MATERNAL AND FETAL RISK
Any consideration of fetal therapy must take into consideration maternal and fetal risk. The risks of IUHSCTx can be divided into procedural risks and biological risks for the mother and fetus. The procedural risks are relatively well characterized and can be extrapolated from extensive obstetric experience with chorionic villus sampling (CVS), amniocentesis, and fetal transfusion and blood sampling. The maternal risks from these procedures (ie, infection, hemorrhage, infertility) independent of fetal loss is negligible. The risk of fetal loss or other fetal complications from CVS has been well documented and is less than 1%.98 The procedural risk of IUHSCTx before 14 weeks’ gestation has been previously analyzed and is probably also less than 1% per transplant.2 Therefore, using our current protocol of 3 transplants, we would anticipate a procedural fetal loss rate of no more than 4%. The biologic risks to the mother and fetus include infection with bacterial, fungal, or viral pathogens from the donor cells, fetal GVHD, Rh sensitization for future pregnancies (if the donor cells are Rh-positive and mother and fetus are Rh-negative), and maternal graft-versus-host phenomenon (“autoimmune” disease) if donor lymphocytes cross the placental barrier and survive in the mother.99 Many of these risks can be minimized by using adult sources of donor cells (rather than fetal liver) with careful screening for infectious disease, and scrupulous T-cell depletion. We currently limit the T-cell dose to less than 1 × 105CD3+ cells/kg estimated fetal weight as a precaution against GVHD. The risk of Rh sensitization can be avoided by the use of Rh-negative donor cells, if possible; if not, sensitization can be prevented by administration of Rh-immune globulin. The risk of donor cells crossing the placenta and surviving in the maternal circulation is probably remote, but no data exist. An important concern is whether IUHSCTx would in any way prohibit what is considered current optimal standard of care for a given disease after birth. At the present time there is no rationale to expect that it will, and in fact there is good reason to think that it can potentially facilitate postnatal SCT if tolerance is achieved.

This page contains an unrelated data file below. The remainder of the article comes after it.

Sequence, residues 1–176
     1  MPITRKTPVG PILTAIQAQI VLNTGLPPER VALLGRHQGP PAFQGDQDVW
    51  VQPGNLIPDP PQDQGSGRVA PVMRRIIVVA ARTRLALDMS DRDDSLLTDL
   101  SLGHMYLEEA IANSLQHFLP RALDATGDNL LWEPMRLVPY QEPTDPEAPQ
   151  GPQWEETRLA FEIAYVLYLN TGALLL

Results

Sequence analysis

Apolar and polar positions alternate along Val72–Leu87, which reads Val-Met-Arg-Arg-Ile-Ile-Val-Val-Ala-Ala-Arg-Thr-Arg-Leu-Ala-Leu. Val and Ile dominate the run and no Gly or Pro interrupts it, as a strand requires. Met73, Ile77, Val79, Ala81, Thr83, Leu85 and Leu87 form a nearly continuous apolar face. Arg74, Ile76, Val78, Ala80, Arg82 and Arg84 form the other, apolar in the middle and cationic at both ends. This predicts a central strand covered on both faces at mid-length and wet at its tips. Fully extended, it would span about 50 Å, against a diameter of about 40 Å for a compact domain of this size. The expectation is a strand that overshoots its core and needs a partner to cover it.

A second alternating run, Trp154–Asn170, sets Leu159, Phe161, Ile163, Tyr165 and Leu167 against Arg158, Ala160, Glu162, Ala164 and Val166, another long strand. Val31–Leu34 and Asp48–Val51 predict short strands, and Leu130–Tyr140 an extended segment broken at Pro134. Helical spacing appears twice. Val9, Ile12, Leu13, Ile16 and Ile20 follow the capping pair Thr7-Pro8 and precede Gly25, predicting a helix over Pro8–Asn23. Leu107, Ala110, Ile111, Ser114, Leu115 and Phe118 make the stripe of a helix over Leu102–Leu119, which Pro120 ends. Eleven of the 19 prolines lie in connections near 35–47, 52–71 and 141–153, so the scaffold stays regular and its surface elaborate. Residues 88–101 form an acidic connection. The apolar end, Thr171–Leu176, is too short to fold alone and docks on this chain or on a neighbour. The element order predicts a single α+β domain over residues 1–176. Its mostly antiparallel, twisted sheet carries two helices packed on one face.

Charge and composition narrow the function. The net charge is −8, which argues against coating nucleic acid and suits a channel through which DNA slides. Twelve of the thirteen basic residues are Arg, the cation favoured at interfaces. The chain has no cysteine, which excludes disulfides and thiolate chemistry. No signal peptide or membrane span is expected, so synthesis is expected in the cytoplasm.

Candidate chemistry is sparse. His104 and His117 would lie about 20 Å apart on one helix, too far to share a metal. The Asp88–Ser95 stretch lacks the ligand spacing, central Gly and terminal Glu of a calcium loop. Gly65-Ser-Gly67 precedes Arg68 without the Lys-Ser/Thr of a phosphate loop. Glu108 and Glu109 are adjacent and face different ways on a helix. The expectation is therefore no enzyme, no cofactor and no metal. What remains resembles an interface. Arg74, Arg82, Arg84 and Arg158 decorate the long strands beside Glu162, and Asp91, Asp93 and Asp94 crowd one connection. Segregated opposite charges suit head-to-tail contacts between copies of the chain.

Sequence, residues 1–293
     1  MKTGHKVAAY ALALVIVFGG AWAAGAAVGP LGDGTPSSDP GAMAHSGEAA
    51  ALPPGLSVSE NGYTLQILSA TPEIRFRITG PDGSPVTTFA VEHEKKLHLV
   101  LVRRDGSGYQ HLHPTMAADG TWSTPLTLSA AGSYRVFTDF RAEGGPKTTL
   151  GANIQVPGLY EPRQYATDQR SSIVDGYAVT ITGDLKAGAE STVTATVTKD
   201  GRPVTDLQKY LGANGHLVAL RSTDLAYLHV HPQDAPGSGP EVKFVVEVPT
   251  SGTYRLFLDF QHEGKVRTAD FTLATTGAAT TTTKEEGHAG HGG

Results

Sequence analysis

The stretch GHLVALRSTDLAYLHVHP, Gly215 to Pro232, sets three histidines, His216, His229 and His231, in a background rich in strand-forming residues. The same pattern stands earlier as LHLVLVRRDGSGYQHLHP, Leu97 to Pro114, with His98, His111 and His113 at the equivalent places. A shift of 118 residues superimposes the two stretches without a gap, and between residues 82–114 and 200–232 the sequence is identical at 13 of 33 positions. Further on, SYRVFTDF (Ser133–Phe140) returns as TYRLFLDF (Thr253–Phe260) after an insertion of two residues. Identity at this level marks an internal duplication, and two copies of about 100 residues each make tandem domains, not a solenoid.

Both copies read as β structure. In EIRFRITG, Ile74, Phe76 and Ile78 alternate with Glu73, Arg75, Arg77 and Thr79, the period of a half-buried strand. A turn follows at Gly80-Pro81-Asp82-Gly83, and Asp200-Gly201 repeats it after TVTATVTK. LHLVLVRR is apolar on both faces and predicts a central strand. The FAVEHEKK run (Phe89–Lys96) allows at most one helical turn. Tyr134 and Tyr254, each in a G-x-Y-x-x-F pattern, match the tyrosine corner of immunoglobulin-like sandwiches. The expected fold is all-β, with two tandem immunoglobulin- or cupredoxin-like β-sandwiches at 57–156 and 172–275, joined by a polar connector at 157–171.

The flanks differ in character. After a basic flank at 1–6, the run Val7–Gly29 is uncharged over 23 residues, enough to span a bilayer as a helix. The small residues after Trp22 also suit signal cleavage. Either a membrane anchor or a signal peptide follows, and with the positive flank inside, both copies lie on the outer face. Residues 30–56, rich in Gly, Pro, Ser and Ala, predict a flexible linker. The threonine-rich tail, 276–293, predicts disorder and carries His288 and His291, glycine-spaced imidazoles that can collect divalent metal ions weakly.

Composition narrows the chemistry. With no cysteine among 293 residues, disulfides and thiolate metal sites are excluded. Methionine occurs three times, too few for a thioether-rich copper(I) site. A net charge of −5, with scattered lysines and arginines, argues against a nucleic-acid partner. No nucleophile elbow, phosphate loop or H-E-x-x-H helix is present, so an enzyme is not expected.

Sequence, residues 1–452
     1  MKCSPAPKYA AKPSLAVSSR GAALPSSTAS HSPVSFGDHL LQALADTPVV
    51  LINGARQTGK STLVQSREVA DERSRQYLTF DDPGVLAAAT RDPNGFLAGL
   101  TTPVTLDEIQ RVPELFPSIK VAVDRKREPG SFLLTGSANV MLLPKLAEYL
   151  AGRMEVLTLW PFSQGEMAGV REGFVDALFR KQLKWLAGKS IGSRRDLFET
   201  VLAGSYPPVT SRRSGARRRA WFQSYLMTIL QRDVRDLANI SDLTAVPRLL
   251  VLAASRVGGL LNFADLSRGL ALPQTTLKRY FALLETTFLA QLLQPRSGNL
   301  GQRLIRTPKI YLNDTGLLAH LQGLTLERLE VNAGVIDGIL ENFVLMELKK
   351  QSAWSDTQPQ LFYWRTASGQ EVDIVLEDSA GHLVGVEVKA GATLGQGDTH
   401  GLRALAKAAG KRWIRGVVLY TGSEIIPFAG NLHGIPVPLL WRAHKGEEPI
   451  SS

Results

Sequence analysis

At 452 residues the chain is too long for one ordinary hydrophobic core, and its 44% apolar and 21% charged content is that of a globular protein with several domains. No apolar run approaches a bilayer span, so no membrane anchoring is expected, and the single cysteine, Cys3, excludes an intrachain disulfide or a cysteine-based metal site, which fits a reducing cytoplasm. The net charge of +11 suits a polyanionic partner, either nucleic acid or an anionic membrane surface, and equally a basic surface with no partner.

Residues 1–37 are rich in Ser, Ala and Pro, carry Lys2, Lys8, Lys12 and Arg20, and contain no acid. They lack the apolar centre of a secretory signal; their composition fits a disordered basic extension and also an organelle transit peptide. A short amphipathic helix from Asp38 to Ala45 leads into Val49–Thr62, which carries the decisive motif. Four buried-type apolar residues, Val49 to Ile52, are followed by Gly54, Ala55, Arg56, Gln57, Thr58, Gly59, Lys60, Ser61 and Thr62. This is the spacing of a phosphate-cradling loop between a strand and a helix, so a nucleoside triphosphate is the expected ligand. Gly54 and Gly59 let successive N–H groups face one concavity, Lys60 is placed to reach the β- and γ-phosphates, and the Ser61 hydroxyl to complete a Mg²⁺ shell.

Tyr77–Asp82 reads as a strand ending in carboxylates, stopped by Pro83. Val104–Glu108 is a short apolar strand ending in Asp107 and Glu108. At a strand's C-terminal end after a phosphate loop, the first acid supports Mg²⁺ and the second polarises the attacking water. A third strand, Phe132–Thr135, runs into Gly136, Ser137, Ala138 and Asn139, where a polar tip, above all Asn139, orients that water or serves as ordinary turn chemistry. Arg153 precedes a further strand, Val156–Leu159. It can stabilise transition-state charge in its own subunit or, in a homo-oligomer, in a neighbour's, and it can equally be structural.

DISEASES THAT MAY CURRENTLY BENEFIT FROM IUHSCTx
It is clear from the above discussion that there are a large number of diseases that might be considered as targets for IUHSCTx. However, it is also clear that each disease must be considered individually and may or may not have favorable enough biology or an adequate rationale for attempting IUHSCTx. Table 2categorizes selected candidate diseases by rationale for IUHSCTx. In contrast to a decade ago, there is now adequate clinical and experimental information available to guide rational clinical application of this approach.
In contrast to postnatal SCT, IUHSCTx strives to create a level of mixed chimerism adequate to ameliorate the clinical manifestations of the disease. Therefore, in consideration of various diseases, two important questions must be asked: (1) What level of engraftment would be adequate to treat a specific disease? and (2) Is there reason to believe a competitive advantage for donor cells is present? From the preceding discussion, it would be unreasonable at the present time to expect a conventional protocol for IUHSCTx to be successful, in the absence of either a selective advantage for donor cells, or the requirement for a very low level of donor cell engraftment to treat the disease. This limits considerably the number of diseases for which IUHSCTx, as currently practiced, can be rationally applied with reasonable expectation of success.